Chi2 stat analysis

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Chapter 13 – How Populations Evolve
Χ2 (Chi-square) Test
What is a χ2 (Chi-square) test used for?
Statistical test used to compare observed
data
with expected data according to a
What
does that mean?
hypothesis.
Let’s look at the next slide to find out…
Chapter 13 – How Populations Evolve
Χ2 (Chi-square) Test
Ex. Say you have a coin and you want to determine if it is
fair (50/50 chance of gets heads/tails). You decide to flip the
coin 100 times. If the coin is fair what do you expect/predict
to observe?
50 heads and 50 tails
Now come up with a hypothesis (two possibilities)
Chapter 13 – How Populations Evolve
Χ2 (Chi-square) Test
Hypotheses
1. The coin is fair and there will be no real difference between
what we will observe and what we expect.
2. The coin is not fair and the observed results will be
significantly different from the expected results.
The first hypothesis that states no difference between the
observed and expected has a special name…
NULL HYPOTHESIS
Chapter 13 – How Populations Evolve
Χ2 (Chi-square) Test
NULL HYPOTHESIS
This is the hypothesis that states there will be no difference
between the observed and the expected data or that there is no
difference between the two groups you are observing.
Ex. You wonder if world class musicians have quicker reaction
times than world class athletes. What would the null hypothesis
be?
That there is no difference between these two groups.
Let’s get back to flipping coins…
Chapter 13 – How Populations Evolve
Χ2 (Chi-square) Test
You flip the coin 100 times and you getting the following
results:
Observed
Expected
Heads
41
50
Tails
59
50
Is the coin fair or not?
It’s not easy to say. It looks like it might, but maybe not…
This is where statistics, in particular the χ2 test, comes in.
Chapter 13 – How Populations Evolve
Χ2 (Chi-square) Test
The formula for calculating χ2 is:
Where O is the observed value and E is the expected.
What happens to the value of χ2 as your observed data gets closer to
the expected? 2
Χ approaches 0
Let’s determine χ2 for the coin flipping study…
Chapter 13 – How Populations Evolve
Χ2 (Chi-square) Test
Observed
Expected
Heads
41
50
Tails
59
50
Χ2 = (41-50)2/50 + (59-50)2/50
Χ2 = (-9)2/50 + (9)2/50
Χ2 = 81/50 + 81/50
Χ2 = 3.24
So what does this number mean…?
Chapter 13 – How Populations Evolve
Χ2 (Chi-square) Test
Converting Χ2 to a P(probability)-value
Statisticians have devised a table to do this:
Great, but how do you use this?
Chapter 13 – How Populations Evolve
Χ2 (Chi-square) Test
Converting Χ2 to a P(probability)-value
First we need to determine Degrees of Freedom (DoF):
DoF = # of groups minus 1
We have two groups, heads group and tails group. Therefore our DoF = 1.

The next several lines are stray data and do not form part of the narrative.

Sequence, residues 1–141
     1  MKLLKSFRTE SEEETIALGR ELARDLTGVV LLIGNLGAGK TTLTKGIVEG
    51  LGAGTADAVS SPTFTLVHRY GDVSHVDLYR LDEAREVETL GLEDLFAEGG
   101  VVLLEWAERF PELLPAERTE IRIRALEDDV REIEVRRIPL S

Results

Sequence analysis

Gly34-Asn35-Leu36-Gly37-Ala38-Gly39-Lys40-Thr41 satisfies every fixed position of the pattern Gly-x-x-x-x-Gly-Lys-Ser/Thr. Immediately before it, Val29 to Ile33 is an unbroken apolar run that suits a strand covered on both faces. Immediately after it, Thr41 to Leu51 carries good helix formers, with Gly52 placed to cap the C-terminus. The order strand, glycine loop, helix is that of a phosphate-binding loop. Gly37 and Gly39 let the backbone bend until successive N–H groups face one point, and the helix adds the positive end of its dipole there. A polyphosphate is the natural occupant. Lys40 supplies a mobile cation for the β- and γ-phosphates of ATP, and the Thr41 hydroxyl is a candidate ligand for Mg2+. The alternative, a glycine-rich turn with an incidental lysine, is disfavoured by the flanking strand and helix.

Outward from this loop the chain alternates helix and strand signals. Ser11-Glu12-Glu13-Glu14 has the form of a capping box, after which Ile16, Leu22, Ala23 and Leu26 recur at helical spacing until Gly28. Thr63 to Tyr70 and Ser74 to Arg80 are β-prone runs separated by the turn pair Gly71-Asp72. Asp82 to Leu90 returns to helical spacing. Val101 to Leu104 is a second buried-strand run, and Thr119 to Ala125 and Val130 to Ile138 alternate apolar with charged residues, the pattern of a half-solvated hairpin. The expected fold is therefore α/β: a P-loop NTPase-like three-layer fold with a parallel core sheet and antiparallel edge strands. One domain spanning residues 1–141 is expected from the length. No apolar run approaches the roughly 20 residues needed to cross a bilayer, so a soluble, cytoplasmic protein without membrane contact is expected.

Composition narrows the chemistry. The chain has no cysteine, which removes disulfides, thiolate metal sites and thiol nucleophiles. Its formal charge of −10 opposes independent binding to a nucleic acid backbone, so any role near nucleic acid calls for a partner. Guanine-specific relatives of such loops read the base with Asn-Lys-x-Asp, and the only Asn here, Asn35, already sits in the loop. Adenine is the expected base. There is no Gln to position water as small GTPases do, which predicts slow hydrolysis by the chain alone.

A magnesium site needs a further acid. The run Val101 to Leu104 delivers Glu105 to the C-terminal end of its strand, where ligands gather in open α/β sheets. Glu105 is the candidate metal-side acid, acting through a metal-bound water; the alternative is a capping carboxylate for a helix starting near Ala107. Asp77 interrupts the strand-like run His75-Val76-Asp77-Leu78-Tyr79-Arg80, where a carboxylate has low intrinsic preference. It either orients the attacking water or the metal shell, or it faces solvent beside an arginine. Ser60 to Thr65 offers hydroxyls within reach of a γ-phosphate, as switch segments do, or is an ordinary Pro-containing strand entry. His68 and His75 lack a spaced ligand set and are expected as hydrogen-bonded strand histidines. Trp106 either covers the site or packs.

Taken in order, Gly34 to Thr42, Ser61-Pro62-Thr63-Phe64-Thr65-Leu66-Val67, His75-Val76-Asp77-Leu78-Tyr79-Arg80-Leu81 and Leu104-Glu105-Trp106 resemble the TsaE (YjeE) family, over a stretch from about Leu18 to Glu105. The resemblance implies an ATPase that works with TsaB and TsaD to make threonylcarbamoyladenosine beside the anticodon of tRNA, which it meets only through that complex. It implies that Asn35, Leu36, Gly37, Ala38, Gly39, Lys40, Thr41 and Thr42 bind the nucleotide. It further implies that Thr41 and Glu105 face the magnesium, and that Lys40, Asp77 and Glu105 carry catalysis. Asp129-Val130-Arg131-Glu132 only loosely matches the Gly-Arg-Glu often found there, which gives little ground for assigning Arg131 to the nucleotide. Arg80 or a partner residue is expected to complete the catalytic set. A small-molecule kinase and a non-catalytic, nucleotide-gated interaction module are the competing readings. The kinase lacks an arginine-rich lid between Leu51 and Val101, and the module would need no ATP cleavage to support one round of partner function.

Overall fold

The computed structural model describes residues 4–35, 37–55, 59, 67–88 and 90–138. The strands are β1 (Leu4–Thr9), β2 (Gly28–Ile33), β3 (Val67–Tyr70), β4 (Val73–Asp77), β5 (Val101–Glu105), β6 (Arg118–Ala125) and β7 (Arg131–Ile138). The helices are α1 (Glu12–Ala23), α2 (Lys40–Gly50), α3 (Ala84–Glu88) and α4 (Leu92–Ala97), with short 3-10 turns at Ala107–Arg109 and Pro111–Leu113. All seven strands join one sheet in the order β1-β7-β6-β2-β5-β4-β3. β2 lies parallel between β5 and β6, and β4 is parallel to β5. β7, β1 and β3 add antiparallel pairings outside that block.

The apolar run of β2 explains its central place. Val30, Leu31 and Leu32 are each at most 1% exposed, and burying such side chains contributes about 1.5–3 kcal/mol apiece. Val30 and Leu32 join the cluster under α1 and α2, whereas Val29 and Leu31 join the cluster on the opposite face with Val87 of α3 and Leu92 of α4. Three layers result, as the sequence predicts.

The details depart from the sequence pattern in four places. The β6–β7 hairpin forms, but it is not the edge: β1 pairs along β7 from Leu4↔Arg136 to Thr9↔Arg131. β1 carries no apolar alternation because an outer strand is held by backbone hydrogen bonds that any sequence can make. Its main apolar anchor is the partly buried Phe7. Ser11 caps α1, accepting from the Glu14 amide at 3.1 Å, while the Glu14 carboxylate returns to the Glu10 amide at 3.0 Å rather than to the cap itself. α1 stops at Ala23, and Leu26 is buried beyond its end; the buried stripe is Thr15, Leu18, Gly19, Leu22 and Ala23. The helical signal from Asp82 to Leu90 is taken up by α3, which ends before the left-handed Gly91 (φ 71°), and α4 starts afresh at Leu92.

Chapter 13 – How Populations Evolve
Χ2 (Chi-square) Test
Converting Χ2 to a P(probability)-value
Then scan across and find your X2 value (3.24)
Lastly go up and estimate the p-value…
P-value = ~0.07
What does this value tell us?
Chapter 13 – How Populations Evolve
Χ2 (Chi-square) Test
The P-value
P-value = ~0.07
The p-value tells us the probability that the NULL
hypothesis (observed and expected not different) is correct.
Chapter 13 – How Populations Evolve
Χ2 (Chi-square) Test
Observed
Expected
Heads
41
50
Tails
59
50
P-value = ~0.07
Therefore, there is a 7% chance that the null hypothesis (there is no real
difference between observed and expected) is correct.
Chapter 13 – How Populations Evolve
Χ2 (Chi-square) Test
Observed
Expected
Heads
41
50
Tails
59
50
P-value = ~0.07
You might say then that the other hypothesis must be
correct as there is a 93% likelihood that there is a different
between observed and expected…
Chapter 13 – How Populations Evolve
Χ2 (Chi-square) Test
50
50
P-value = ~0.07
However, statisticians have a p-value = 0.05 cutoff. In order
for the hypothesis to be supported, p must be less than 0.05
(5% chance that null is correct).
Therefore the null hypothesis cannot be rejected.
Chapter 13 – How Populations Evolve
Χ2 (Chi-square) Test
For example, suppose that a cross between two pea plants yields a
population of 880 plants, 639 with green seeds and 241 with yellow
seeds. You are asked to propose the genotypes of the parents. Your
hypothesis is that the allele for green is dominant to the allele for
yellow and that the parent plants were both heterozygous for this
trait. If your hypothesis is true, then the predicted ratio of offspring
from this cross would be 3:1 (based on Mendel's laws) as predicted
from the results of the Punnett square. Is it?
Chapter 13 – How Populations Evolve
Χ2 (Chi-square) Test
Chapter 13 – How Populations Evolve
Χ2 (Chi-square) Test
Chapter 13 – How Populations Evolve
Χ2 (Chi-square) Test
Chapter 13 – How Populations Evolve
Χ2 (Chi-square) Test
Chapter 13 – How Populations Evolve
Χ2 (Chi-square) Test

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